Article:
The Next C-store Tobacco Competitor: Manufacturers?


NATIONAL REPORT — When it comes to the backbar, convenience store retailers need to manage the here and now, while also keeping an eye on what may be coming down the pike — and sometimes that pike is outside the United States.

David Bishop, managing partner of sales and marketing firm Balvor LLC, points to Japan as an area retailers should be watching. Japan Tobacco International (JTI) and Philip Morris International (PMI) are both opening standalone stores there as they introduce their new heat-not-burn products, which have been growing significantly — especially PMI.

According to Bishop, it's more of a supply issue than a demand issue for PMI and its heat-not-burn product iQOS. Leading research in Japan indicates iQOS is creating a drag, or headwind, for traditional mass-made cigarettes.

"As that product enters the United States — as people expect it to in 2018 — what will happen if and when they open up a similar type of store in the U.S.? Convenience retailers could be faced with some very stiff headwinds if similar trends develop in the U.S. as in Japan," Bishop said.

There are many reasons why PMI, JTI and other tobacco companies would pursue standalone outlets. One of the lessons learned from electronic cigarettes is that convenience stores aren't necessarily the best place to introduce new innovation that requires educating the consumer.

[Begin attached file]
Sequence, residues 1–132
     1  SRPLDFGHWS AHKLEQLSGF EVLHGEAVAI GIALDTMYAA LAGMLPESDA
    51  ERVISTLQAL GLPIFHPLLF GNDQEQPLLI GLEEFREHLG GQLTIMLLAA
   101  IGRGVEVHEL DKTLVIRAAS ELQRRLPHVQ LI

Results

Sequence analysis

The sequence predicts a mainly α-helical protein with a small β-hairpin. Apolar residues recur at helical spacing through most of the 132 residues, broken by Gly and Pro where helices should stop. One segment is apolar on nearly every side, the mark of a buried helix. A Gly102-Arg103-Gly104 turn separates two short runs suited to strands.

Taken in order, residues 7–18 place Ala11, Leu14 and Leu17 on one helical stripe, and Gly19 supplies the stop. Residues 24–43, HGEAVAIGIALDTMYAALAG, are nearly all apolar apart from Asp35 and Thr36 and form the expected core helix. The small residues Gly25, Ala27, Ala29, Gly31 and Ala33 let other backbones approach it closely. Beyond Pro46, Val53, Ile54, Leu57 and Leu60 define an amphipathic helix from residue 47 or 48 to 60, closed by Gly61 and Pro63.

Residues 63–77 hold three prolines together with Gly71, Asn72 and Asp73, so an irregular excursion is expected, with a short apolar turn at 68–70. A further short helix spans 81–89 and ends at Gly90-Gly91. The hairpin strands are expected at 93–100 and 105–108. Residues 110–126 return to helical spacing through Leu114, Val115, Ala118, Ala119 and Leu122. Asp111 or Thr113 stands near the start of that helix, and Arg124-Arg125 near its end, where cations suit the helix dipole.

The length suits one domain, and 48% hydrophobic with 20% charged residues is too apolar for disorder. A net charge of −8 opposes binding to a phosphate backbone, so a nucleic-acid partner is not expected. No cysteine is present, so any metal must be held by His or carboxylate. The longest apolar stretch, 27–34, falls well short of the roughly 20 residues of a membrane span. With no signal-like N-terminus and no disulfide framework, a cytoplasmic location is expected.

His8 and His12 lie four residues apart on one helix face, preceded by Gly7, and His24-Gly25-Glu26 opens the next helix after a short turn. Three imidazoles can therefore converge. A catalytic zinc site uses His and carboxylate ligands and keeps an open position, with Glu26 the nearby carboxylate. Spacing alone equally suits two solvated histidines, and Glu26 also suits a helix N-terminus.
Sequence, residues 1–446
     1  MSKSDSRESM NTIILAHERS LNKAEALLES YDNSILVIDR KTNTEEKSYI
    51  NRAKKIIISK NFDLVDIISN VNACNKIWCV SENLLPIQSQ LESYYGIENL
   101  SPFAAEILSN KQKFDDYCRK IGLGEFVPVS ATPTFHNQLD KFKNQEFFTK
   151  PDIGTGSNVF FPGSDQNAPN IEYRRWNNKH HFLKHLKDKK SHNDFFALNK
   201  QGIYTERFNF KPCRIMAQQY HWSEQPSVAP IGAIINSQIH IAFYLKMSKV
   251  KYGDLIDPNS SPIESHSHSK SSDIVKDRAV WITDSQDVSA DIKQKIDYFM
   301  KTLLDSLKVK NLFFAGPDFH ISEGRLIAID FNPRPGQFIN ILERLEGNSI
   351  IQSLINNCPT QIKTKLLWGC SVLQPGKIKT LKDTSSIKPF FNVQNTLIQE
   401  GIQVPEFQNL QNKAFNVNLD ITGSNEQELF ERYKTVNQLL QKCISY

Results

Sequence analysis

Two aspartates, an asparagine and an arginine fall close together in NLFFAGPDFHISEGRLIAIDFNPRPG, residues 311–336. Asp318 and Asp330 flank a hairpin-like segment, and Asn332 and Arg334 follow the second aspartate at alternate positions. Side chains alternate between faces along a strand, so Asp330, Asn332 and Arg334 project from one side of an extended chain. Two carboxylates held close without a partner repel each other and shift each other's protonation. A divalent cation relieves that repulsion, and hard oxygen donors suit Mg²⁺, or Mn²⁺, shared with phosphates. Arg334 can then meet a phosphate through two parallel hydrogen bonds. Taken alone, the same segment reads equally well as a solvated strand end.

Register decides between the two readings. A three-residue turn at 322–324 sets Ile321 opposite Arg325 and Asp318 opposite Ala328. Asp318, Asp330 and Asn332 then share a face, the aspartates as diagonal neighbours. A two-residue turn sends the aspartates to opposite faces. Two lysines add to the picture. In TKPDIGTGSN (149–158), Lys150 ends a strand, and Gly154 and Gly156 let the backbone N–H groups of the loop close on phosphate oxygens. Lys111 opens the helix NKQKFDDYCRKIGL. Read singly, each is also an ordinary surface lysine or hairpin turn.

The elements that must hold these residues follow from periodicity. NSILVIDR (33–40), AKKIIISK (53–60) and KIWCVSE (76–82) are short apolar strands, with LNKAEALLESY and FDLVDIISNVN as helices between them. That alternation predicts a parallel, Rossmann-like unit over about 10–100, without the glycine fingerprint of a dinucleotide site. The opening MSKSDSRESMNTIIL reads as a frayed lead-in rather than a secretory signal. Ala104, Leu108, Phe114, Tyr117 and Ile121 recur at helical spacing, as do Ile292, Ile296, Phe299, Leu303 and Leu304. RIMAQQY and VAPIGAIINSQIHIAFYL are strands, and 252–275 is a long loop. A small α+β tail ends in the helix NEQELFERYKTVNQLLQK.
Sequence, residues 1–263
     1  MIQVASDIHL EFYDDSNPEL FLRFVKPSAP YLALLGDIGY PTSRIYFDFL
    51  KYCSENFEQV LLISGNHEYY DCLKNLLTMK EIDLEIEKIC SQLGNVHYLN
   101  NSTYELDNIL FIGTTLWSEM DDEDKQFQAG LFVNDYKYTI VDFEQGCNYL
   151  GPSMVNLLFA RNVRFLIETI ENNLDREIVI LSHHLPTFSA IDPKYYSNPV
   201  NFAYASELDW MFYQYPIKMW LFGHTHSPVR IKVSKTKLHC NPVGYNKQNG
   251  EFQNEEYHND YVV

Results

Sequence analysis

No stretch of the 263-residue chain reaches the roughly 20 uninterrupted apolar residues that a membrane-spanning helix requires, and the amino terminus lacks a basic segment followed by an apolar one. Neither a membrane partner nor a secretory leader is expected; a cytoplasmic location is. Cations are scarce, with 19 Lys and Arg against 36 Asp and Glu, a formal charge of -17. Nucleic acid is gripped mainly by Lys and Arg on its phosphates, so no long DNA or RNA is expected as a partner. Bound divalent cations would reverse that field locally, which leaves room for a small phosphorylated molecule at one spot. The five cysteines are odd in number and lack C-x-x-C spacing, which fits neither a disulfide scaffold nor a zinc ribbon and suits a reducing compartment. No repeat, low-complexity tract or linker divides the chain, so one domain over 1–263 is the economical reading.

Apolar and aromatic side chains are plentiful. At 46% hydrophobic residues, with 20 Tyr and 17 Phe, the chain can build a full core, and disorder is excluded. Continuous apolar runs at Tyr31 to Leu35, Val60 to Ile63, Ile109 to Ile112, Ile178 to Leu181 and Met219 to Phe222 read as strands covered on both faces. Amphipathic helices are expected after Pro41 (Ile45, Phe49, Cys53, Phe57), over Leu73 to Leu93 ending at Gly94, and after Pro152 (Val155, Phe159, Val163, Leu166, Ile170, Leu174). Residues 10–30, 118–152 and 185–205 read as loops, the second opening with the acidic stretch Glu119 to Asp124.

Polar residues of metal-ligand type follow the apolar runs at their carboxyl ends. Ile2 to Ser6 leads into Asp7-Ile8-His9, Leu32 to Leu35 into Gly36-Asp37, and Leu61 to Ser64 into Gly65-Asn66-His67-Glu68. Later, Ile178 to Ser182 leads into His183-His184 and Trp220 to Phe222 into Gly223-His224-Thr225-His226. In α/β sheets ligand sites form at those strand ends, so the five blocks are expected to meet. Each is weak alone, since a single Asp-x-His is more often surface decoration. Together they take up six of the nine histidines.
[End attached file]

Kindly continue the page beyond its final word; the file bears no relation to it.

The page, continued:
"Speed of service is paramount; the c-store staff isn't necessarily trained to be as knowledgeable as a vape shop or tobacconist," Bishop explained. "So, anything new that requires any degree of explanation or education is better handled in other classes of trade."

Case in point: the arrival of open systems, or vaporizers, on the market was one of the major drivers of vape shops.

"Going forward, if this is in fact the case, it should be a concern to convenience retailers. What will this do to their business?" Bishop asked.

When PMI introduces iQOS in the U.S., it will be through an agreement with Altria Group Inc., and Altria has amassed — and continues to amass — an active and robust direct marketing database through direct mail and its mobile apps.

"If they want to turn on a new product, they can go directly to the consumer to promote it and drive them to wherever they want to drive that traffic," Bishop said. "Today in the U.S., those apps drive you to a physical store that typically will be a convenience store. But tomorrow, if iQOS is introduced and they open stores of their own, where does that traffic get driven to?"

Will c-store retailers even stock iQOS? And if so, will the promotional offers be directed to the retailers or to the company’s own outlets? Bishop further questioned.

"There may be some combination. I am not suggesting that Altria is going to open a thousand of these stores, but look at Japan," he said. "It's likely they will open up some sort of experiential outlet, probably in high-traffic areas like Times Square or downtown Chicago. Who knows?"

For an in-depth report on tobacco in the convenience channel, look in the April issue of Convenience Store News. 

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